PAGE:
Where are they on the day of a hearing to consider a critical measure that will protect their constituents?  Too busy with other things?  Hiding?  OR are they fully present and engaged?  If they do their job, we hope to make them look good.  If not, we hope to embarrass them with messages from around the world.

You can track the presence (or lack thereof) of each of the 24 alderman on the joint committee by watching the tweets on EJC’s “Where’s My Walderman?” website which will go live tomorrow morning and include live streams under photos for each alderman.  If they are not present, their photo will be placed with a “waldo” image. Visit the landing page today to watch the tweets that are already coming in.

Clicking on their name or photo from this “soon to go live” will take you to their ward page on the City Council website.  Make calls to support them, or to pressure them to show up to the hearing! Tweet using their specific #hastag to have your thoughts show up in their individual Twitter stream.  Re-tweet others’ thoughts.  Play along!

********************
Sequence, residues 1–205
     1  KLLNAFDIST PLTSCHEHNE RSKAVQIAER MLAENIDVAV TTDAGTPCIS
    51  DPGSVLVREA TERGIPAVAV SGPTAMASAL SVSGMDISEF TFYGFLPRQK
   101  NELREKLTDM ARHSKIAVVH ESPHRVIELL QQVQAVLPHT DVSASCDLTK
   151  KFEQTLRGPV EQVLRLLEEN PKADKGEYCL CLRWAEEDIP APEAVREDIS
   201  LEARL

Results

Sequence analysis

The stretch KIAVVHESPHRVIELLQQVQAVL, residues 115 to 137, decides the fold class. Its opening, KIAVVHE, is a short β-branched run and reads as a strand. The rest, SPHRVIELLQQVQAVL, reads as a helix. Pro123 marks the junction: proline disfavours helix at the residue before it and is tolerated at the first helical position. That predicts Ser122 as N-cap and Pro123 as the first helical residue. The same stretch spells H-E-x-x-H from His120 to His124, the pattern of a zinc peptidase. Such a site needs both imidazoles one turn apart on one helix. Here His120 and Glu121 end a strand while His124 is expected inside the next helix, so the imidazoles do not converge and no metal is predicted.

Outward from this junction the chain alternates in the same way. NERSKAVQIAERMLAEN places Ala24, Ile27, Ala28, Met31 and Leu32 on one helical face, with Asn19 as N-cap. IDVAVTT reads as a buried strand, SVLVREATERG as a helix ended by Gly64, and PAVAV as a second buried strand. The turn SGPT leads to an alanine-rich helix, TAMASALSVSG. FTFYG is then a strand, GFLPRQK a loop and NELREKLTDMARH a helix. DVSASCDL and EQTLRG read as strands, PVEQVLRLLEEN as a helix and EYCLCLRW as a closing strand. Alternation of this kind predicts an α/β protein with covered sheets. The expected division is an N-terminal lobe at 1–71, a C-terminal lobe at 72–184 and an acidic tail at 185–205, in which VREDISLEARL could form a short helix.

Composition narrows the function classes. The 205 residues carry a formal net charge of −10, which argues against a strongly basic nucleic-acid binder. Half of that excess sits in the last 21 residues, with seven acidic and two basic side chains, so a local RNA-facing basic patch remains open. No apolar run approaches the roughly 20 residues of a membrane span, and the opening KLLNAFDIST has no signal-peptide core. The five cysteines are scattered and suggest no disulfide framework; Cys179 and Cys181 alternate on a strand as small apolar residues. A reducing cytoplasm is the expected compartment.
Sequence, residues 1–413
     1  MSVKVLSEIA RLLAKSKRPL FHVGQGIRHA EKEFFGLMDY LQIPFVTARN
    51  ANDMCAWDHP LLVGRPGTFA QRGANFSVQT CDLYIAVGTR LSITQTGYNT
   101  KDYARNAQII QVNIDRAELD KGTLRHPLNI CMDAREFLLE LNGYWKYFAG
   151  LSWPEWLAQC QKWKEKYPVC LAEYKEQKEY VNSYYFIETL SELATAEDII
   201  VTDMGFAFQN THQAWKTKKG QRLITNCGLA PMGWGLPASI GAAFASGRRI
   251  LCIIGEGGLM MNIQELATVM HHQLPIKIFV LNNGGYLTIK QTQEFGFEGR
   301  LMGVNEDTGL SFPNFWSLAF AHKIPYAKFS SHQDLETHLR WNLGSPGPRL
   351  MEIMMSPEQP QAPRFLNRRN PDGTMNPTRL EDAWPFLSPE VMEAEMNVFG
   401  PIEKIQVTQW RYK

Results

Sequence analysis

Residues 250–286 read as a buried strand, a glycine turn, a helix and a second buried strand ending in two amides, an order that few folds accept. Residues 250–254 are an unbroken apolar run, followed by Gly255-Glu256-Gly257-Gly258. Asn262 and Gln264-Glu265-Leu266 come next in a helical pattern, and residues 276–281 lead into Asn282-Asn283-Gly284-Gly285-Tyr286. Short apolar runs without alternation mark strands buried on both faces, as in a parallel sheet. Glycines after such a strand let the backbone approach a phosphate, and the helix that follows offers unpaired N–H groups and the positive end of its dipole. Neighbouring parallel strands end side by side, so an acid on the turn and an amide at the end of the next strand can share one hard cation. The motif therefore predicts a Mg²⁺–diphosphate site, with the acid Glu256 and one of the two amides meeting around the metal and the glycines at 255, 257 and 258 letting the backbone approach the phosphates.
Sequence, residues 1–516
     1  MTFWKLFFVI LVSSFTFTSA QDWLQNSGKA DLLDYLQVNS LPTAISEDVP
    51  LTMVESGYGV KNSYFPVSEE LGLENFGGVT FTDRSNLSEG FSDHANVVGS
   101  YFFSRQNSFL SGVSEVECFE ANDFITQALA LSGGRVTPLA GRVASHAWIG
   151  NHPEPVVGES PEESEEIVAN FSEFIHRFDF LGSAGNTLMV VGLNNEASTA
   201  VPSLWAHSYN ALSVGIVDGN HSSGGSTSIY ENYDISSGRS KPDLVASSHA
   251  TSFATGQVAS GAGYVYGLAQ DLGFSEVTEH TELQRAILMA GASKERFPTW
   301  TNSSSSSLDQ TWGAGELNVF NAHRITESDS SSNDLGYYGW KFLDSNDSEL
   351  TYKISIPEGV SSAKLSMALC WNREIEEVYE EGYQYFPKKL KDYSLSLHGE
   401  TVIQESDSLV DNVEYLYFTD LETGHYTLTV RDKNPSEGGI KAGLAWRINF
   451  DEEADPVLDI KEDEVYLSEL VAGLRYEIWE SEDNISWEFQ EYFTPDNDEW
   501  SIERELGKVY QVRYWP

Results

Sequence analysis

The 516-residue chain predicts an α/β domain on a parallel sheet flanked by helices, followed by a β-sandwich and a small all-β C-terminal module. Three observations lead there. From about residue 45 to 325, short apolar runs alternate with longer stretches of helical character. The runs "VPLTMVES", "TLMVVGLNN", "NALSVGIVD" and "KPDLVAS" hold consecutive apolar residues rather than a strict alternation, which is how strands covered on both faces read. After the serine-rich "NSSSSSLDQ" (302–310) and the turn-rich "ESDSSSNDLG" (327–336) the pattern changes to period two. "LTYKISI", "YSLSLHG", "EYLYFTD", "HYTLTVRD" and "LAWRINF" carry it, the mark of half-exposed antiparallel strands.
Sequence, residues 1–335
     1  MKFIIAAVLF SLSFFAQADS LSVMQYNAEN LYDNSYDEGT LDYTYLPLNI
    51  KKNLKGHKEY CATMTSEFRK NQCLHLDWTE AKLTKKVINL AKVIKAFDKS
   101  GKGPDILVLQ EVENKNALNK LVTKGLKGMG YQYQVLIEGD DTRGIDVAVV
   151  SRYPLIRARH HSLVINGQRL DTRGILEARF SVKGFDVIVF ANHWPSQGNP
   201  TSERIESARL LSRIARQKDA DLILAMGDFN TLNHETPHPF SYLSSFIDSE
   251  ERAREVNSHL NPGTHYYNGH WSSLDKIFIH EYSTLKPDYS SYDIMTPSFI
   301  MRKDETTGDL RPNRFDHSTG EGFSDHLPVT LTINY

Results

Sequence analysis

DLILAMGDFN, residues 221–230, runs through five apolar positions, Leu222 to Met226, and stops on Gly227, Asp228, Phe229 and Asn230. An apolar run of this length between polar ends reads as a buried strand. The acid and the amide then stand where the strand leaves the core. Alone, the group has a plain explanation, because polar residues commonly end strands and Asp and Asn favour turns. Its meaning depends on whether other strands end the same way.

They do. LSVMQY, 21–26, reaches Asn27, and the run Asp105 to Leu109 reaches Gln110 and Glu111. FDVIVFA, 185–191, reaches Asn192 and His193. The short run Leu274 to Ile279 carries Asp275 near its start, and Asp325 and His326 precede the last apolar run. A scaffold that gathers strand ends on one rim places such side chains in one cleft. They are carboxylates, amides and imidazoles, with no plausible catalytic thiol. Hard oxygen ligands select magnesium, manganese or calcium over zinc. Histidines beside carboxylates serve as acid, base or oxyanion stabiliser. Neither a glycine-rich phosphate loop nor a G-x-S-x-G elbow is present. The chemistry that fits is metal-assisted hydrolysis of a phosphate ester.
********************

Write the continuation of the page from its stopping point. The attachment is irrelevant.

Here’s How to Join in the Fun:

1. All you need is a computer or a mobile phone.

2. If you don’t have one, go on line and get a twitter account.  It’s easy and free!

3. If you can, join us in the City Council Chambers on Thursday, April 21st at 10:00 am.  You can tweet directly about the issue and your observations.

4. If you can’t be at the hearing, watch this page.  Each alderman has his or her own Twitter stream.  Join in with your comments.  Tweet, re-tweet and spread the word to your followers.

5. Use the hashtag #chicoal for the general stream.  Use both #chicoal and the alderman specific hashtag #waldoX (where X = the aldderman’s ward number, i.e. #waldo49 for Alderman Joe Moore) for committee members.

6.  Pass the information along to other social media networks.  Invite others to join you!